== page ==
You are here
HomeUFD
Primary tabs
UFD
An integral domain $D$ satisfying

Every nonzero element of $D$ that is not a unit can be factored into a product of a finite number of irreducibles,
is called a unique factorization domain (UFD), also a factorial ring.
The factors $p_{1},\,p_{2},\,\ldots,\,p_{r}$ are called the prime factors of $a$.
Some of the classic results about UFDs:

On a UFD, the concept of prime element and irreducible element coincide.

If $F$ is a field, then $F[x]$ is a UFD.

If $D$ is a UFD, then $D[x]$ (the ring of polynomials on the variable $x$ over $D$) is also a UFD.
Since $R[x,\,y]\cong R[x][y]$, these results can be extended to rings of polynomials with a finite number of variables.

If $D$ is a principal ideal domain, then it is also a UFD.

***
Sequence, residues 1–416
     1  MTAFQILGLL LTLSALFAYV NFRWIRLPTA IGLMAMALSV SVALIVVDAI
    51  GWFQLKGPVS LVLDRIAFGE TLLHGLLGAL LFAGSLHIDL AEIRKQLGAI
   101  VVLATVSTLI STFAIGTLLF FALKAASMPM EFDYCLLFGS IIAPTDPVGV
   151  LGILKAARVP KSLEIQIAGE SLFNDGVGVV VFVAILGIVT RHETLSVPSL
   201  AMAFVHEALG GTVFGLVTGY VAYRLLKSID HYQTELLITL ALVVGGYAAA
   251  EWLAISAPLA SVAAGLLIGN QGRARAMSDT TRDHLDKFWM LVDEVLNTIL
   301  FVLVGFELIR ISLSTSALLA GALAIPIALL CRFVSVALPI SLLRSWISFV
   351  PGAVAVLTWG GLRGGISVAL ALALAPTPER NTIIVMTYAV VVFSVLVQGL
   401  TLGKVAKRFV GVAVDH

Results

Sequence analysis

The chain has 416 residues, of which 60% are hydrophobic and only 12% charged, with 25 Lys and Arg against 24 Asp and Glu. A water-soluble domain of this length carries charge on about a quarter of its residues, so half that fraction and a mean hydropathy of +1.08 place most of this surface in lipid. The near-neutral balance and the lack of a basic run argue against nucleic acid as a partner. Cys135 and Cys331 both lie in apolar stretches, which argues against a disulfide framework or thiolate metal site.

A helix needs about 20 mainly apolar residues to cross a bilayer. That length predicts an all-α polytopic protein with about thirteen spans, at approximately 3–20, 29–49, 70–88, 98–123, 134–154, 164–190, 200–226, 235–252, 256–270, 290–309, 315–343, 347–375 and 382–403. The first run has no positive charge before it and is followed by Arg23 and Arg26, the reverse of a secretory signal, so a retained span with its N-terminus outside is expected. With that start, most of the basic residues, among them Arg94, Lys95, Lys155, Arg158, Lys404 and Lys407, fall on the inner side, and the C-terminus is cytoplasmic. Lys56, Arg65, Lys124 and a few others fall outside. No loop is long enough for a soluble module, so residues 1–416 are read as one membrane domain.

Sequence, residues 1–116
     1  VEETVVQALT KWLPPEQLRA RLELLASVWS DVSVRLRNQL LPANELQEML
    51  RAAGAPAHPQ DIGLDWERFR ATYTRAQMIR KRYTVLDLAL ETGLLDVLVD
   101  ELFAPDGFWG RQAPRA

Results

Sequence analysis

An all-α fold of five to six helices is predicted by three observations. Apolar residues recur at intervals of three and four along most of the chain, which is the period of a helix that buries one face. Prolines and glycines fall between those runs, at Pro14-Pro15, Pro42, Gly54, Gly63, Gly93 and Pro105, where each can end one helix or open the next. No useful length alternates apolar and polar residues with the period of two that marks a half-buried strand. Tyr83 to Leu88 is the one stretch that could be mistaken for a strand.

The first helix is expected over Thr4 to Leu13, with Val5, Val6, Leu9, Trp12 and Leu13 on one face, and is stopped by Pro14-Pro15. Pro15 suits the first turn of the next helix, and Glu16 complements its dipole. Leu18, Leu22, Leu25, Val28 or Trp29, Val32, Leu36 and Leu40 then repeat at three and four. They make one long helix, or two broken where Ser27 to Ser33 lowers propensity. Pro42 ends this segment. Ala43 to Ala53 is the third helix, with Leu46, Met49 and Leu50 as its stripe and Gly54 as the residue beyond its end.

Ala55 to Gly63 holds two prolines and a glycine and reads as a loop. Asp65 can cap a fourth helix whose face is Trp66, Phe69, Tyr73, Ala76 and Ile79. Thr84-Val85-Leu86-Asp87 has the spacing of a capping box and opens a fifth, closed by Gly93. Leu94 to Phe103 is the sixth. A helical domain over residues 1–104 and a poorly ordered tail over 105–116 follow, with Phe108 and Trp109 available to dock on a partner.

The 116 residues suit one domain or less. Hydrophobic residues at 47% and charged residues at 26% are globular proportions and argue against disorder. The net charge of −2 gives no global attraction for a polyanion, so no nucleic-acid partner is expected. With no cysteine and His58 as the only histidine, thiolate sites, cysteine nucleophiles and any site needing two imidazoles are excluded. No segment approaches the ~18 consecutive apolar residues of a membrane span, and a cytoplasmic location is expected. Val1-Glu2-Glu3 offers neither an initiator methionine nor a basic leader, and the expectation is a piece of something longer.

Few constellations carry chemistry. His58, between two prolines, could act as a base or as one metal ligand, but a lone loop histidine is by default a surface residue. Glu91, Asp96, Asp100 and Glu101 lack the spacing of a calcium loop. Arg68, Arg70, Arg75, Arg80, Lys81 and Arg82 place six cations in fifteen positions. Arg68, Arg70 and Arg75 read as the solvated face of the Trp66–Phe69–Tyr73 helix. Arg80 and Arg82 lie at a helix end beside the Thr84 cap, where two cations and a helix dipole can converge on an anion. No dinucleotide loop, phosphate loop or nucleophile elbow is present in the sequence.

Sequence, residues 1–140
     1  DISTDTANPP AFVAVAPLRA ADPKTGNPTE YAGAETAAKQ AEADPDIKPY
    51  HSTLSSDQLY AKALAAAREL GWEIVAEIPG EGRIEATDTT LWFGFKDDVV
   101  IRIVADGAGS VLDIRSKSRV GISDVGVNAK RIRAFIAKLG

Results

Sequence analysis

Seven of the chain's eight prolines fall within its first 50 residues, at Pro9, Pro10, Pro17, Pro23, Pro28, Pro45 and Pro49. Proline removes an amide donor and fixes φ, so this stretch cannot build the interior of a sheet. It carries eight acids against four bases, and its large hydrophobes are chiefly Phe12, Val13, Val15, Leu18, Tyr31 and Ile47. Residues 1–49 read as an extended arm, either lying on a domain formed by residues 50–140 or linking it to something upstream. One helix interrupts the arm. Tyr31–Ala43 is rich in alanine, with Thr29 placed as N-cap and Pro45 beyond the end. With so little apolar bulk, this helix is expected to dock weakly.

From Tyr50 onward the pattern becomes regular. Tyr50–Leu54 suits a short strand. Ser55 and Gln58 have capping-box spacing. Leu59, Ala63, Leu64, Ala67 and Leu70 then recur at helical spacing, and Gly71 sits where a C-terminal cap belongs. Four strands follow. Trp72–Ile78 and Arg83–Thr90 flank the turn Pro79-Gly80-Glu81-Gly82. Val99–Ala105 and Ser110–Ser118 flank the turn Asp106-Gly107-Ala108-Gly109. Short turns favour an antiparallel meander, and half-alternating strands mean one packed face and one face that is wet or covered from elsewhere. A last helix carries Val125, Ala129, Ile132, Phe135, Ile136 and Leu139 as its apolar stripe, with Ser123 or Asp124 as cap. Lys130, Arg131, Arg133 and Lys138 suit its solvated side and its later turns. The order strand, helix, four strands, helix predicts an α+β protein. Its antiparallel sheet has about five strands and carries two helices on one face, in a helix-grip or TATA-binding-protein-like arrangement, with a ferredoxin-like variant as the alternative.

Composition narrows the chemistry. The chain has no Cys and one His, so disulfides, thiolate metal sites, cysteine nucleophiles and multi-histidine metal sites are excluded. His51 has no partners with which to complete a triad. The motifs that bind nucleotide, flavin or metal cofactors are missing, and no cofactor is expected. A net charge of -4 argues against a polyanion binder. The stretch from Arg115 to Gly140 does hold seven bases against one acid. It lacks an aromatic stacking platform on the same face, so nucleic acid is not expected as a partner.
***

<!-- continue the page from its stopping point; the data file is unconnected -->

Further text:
The converse is, however, not true. Let $F$ a field and consider the UFD $F[x,\,y]$. Let $I$ the ideal consisting of all the elements of $F[x,\,y]$ whose constant term is $0$. Then it can be proved that $I$ is not a principal ideal. Therefore not every UFD is a PID.
Mathematics Subject Classification
13G05 no label found Forums
 Planetary Bugs
 HS/Secondary
 University/Tertiary
 Graduate/Advanced
 Industry/Practice
 Research Topics
 LaTeX help
 Math Comptetitions
 Math History
 Math Humor
 PlanetMath Comments
 PlanetMath System Updates and News
 PlanetMath help
 PlanetMath.ORG
 Strategic Communications Development
 The Math Pub
 Testing messages (ignore)
 Other useful stuff
 Corrections
Attached Articles
Corrections
UDF by perucho ✓
spelling by Mathprof ✓
Missing period by Mathprof ✓
missing word(s) by Wkbj79 ✓